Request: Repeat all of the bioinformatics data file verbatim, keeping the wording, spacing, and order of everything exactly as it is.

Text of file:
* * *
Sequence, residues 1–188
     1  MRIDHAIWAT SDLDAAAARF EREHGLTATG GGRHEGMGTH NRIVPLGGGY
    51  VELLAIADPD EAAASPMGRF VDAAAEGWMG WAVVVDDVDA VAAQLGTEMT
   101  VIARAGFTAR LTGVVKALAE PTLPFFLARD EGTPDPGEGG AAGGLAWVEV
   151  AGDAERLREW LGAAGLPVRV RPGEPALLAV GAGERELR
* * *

Sequence, residues 1–188
     1  MRIDHAIWAT SDLDAAAARF EREHGLTATG GGRHEGMGTH NRIVPLGGGY
    51  VELLAIADPD EAAASPMGRF VDAAAEGWMG WAVVVDDVDA VAAQLGTEMT
   101  VIARAGFTAR LTGVVKALAE PTLPFFLARD EGTPDPGEGG AAGGLAWVEV
   151  AGDAERLREW LGAAGLPVRV RPGEPALLAV GAGERELR